Features

The booming international commercial aviation sector continues to be a bright light leading the future of the aerospace industry.

It is hard to imagine just how radical the change in fortunes for the world’s major commercial aerospace manufacturers has been in the last few years. Just ten years ago the smart money in aerospace pointed to the defense sector as the best source of future profitability. But just as this was reaching a peak, the full impact of a near meltdown in global financial markets brought home to Western governments that defense budgets couldn’t just keep on expanding and a new era of military program cuts began.

The Airbus 330-900neo (new engine option) will incorporate the latest-generation Rolls-Royce Trent 7000 engines with a 112-in diameter fan for a 10:1 bypass ratio, more seats, and new cabin features, along with new Sharklet wingtip devices.
In contrast, in spite of the grim economic backdrop, global demand for air travel just kept on growing. The steady year-on-year expansion of civil aviation in the Asia Pacific and Latin American regions, as well as in the Arabian Gulf, more than compensated for a slowdown in the ability of established Western airlines to replace elderly jetliner fleets with more fuel-efficient aircraft designs.

The turning point came as this decade opened with a whole new generation of commercial aircraft programs, powered by new, even more fuel-efficient engines. The 15-20% improvements in fuel efficiency, combined with other cost reductions relating to higher reliability, meant that the bottom-line benefit for airlines was too great to ignore.

Another major factor in airline growth has been the rapid expansion of low-cost airlines where new operators could start up business offering passengers cut-price fares and the latest aircraft. It was a winning combination that was to shake up the civil air transport industry. The outcome has been a surge in new orders on a scale that has never been seen before, with sales backlogs and deliveries stretching ahead for seven or eight years.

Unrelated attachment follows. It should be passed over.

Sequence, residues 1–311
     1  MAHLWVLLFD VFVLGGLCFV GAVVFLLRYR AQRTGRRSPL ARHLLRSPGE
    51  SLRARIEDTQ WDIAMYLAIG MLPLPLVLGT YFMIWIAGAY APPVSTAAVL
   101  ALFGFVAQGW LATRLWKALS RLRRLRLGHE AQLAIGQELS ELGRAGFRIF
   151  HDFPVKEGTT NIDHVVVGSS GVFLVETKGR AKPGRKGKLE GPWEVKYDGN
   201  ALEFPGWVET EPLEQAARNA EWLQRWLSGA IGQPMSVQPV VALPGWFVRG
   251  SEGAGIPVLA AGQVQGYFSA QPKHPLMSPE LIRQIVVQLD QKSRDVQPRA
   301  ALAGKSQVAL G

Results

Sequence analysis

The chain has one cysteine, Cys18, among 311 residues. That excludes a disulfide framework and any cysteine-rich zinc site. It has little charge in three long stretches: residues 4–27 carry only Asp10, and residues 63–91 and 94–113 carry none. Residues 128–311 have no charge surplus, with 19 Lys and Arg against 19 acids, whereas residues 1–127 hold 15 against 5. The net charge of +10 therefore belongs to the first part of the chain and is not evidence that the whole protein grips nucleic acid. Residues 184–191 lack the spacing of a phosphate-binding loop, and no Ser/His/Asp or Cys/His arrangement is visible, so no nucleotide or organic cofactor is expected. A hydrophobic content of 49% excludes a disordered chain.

That 70s Show Up

An Airbus A350XWB for Singapore Airlines is shown under manufacture.
When Airbus was created in the early 1970s it had one product, the wide-body A300B. In 1974 just one A300B was delivered to an airline. After a very slow start, the aircraft was improved and sales started to grow. A new long-range model, the A310, opened up new markets and pioneered twin-engine extended range operations that are now the biggest sector of the long-haul market sector.

By introducing advanced features, such as fly-by-wire flight controls, sidestick controllers, automatic flight envelope protection, two-crew operation, and glass cockpits, Airbus’s fortunes finally took off in the 1980s and the 1000th delivery was achieved in 1993. By 2007, deliveries had risen to 5000. In March 2015, the 9000th Airbus was delivered. In the meantime the sales backlog had risen to 6300 aircraft and the company was increasing production of its best-selling A320 family toward a monthly output of 50 aircraft.

Continuous product improvement has been the key to Airbus’s market success. The A300 and A310 established a modular wide-body product line that featured a common fuselage width and cockpit and grew to include the more technically advanced A330 and A340. This pair offered a near-identical airframe and wing but with the option of either two or four engines. The enormous increase in engine reliability and added fuel economy saw the four-engine A340 dropped in favor of improved versions of the A330.

An Airbus A380 for Asiana Airlines is shown taking off.
Today the A330-200 and -300 are still in great demand and now increased weight versions are available, to be joined in two years by the upgraded A330neo (new engine option) powered by two new Rolls-Royce Trent 7000s, which feature improvements adopted from the Trents developed for the Boeing 787 and Airbus A350XWB. The resulting A330-900 is aimed directly at challenging the Boeing 787-8, and will be in production alongside the all-new, bigger A350XWB, which will also challenge the Boeing 787-9 and 777 family of wide-body jets.

It was originally planned that the A350XWB, with its advanced wing and featuring a higher content of composite materials, would replace the A330, but demand from existing customers with large A330 fleets encouraged Airbus to revamp the design, and with the new Trent engines the A330neo is proving to be very popular as its performance will keep it highly competitive well into the next decade. That does not seem to have had any significant negative impact on A350XWB sales, however, and this latest Airbus entered airline service late in 2014.